“A stigma continues to exist when discussing a baby who has died. Sadly this leaves parents feeling isolated and alone. We want to help reduce this stigma by helping people feel more comfortable reaching out to a friend, colleague or family member to offer support.”

“Respectfully sharing stories and listening to grieving parents are two simple ways we can ensure that every family who experiences the death of a baby feels understood and supported.”
Melbourne couple Amy and Shaun Hidge say the act of saying their baby’s name, or hearing it from others, is empowering.

“It brings joy and warms my heart every time a friend or family member mentions Stella’s name because it reminds me that she played a very special part in all of our lives,” Amy said.

“A good friend recently presented me with a special gift with Stella’s name on it and I was completely overwhelmed with love and happiness to know that our Stella touched so many.”

How can people participate?

On or before 25 March bereaved families are invited to write their baby’s name on a paper heart and share with us via social media using the hashtag #saytheirname. These names will be gathered onto a heart-shaped display in the Sands national office, which will provide a visual representation of each family’s love for their baby.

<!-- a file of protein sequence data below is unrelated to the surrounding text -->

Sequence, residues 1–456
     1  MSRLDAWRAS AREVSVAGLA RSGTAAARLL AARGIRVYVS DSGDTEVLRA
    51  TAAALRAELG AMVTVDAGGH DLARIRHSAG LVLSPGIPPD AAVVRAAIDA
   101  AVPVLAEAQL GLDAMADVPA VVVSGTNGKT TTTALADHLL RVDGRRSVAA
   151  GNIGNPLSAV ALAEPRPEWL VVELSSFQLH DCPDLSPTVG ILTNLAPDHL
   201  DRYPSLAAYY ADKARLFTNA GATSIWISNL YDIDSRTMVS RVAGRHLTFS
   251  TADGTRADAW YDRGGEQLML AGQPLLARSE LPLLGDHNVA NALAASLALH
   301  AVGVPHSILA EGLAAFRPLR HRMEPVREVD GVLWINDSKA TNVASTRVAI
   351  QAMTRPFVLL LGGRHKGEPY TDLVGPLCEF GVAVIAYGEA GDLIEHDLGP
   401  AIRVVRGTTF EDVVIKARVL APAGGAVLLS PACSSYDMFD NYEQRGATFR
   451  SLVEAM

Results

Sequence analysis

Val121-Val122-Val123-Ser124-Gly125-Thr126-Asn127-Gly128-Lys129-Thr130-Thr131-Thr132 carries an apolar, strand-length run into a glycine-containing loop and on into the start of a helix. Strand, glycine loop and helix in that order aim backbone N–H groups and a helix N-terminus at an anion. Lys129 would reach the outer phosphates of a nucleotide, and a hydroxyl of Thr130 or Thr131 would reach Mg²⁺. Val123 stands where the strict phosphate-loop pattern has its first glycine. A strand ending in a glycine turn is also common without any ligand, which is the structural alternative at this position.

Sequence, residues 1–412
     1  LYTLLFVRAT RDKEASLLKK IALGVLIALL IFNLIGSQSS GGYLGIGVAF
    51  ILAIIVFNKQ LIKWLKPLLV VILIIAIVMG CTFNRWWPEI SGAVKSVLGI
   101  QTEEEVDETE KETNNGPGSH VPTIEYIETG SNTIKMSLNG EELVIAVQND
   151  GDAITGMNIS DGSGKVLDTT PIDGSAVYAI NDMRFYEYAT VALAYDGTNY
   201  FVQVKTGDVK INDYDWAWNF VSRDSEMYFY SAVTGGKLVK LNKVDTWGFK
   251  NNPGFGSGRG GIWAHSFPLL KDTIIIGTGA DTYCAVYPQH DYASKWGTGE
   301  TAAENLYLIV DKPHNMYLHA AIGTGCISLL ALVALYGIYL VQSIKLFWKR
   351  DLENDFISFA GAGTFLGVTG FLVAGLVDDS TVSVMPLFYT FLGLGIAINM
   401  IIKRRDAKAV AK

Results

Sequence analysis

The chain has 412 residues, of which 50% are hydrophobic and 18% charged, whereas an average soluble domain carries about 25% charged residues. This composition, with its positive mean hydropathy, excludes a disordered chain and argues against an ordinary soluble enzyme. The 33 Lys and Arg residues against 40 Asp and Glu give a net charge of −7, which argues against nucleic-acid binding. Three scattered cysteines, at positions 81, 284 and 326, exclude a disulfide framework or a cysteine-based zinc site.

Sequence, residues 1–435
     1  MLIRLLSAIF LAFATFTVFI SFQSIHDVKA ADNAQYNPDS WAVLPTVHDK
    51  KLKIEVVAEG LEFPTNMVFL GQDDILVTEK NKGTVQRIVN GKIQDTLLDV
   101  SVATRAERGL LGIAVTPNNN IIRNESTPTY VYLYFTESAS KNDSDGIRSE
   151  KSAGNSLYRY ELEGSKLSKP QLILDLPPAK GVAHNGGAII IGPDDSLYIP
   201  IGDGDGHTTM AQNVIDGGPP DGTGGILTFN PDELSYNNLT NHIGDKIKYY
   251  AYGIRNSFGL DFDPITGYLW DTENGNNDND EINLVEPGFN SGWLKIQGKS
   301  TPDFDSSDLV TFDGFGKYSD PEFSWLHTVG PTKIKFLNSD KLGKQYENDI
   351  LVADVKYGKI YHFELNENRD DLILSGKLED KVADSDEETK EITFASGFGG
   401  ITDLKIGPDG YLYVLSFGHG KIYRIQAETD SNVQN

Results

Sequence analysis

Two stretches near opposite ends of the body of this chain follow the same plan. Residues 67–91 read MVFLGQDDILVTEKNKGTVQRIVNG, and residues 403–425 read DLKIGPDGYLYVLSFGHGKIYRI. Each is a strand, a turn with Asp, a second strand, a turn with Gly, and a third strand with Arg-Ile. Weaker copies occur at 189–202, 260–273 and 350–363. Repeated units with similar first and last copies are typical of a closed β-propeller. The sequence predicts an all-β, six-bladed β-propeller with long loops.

Ms Mead said it’s important that the many parents who chose not to or weren’t able to name their babies can participate in ‘Say Their Name Day’ too.

“Just because a baby was not named formally does not reduce the sense of loss and grief experienced by families. We want those families to know that they can include their baby’s family name, a nickname used during pregnancy, a significant date, or meaningful symbol to represent their baby,” she said.

The wider community are invited to download our fact sheet, ‘Words Matter’, to share it widely, to start a conversation with a loved one whose baby has died to let them know their baby is remembered, or to share stories of pregnancy and infant loss to raise awareness and reduce stigma in the general community.